Edith Halpert, the Downtown Gallery, and the Rise of American Art

Yale. 2019. 232p. ISBN 9780300231007. $50. FINE ARTS
This engaging, extensively illustrated catalog of an exhibition organized by New York’s Jewish Museum describes the work of a remarkable woman who played a vital role in shaping contemporary American art of the early- mid-20th century. Edith Gregor Halpert (1900–70) opened the Downtown Gallery in Greenwich Village in 1926, when there were no commercial art spaces in the neighborhood and no galleries anywhere in New York selling exclusively contemporary American art. A prescient advocate of American modernism, she showed such work before the Museum of Modern Art, the Whitney, and the Guggenheim were founded, supporting a diverse stable of artists (Stuart Davis, Charles Sheeler, Elie Nadelman, Yasuo Kuniyoshi, Jacob Lawrence). She advised wealthy collectors and the works she sold contributed to several museum collections. Yet her egalitarian approach and savvy mass marketing also encouraged collectors of modest income. An early admirer of American folk art, Halpert helped to establish a market for these works, finding stylistic links between 20th-century American modernism and folk art forms.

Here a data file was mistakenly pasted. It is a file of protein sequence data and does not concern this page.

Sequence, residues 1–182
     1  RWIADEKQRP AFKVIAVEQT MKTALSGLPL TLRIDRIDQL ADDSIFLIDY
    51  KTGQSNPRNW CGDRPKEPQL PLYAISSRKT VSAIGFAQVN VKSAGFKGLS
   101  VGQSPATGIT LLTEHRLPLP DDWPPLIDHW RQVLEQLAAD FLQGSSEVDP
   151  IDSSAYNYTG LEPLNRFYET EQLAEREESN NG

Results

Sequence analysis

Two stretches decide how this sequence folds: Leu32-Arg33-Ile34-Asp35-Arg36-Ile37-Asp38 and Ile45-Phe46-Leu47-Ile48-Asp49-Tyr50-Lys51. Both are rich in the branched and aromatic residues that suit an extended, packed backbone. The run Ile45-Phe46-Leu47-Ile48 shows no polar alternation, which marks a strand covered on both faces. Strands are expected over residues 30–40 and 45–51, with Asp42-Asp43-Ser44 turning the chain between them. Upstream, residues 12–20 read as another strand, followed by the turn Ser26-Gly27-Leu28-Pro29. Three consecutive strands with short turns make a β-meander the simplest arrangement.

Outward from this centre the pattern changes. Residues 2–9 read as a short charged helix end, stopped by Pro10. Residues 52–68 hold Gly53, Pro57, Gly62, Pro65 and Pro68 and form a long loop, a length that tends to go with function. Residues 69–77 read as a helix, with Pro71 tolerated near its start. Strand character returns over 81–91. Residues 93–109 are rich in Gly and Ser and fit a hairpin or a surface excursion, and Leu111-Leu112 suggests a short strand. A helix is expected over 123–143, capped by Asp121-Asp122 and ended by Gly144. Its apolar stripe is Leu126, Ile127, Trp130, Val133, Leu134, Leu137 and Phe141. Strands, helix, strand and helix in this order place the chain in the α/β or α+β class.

VERDICT This title will reintroduce Halpert, who was well known in her time, to readers. A good accompaniment to Lindsay Pollock’s The Girl with the Gallery: Edith Gregor Halpert and the Making of the Modern Art Gallery.
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